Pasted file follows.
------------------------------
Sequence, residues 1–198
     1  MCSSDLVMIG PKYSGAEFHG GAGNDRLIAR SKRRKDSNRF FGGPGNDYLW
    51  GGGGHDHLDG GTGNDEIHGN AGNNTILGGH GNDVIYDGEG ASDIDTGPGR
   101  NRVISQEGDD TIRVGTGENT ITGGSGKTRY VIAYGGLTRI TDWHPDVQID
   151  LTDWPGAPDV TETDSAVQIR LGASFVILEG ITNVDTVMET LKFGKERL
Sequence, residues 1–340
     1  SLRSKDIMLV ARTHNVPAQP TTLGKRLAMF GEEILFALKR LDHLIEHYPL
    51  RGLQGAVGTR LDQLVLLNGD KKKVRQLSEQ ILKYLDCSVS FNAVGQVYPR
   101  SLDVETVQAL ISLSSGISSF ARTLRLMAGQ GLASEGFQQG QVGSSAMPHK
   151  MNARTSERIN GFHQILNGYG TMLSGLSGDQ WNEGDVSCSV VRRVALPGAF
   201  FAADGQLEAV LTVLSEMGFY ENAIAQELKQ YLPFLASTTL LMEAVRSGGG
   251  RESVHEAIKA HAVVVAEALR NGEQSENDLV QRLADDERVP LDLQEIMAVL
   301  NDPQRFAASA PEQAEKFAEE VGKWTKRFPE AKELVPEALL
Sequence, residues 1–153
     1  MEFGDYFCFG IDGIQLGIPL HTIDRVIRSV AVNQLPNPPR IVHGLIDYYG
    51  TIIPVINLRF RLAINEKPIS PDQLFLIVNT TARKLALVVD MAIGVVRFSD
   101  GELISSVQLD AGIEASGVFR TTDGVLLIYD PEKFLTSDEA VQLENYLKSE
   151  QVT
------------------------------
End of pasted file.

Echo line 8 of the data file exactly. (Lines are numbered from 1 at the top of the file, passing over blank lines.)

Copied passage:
    51  RGLQGAVGTR LDQLVLLNGD KKKVRQLSEQ ILKYLDCSVS FNAVGQVYPR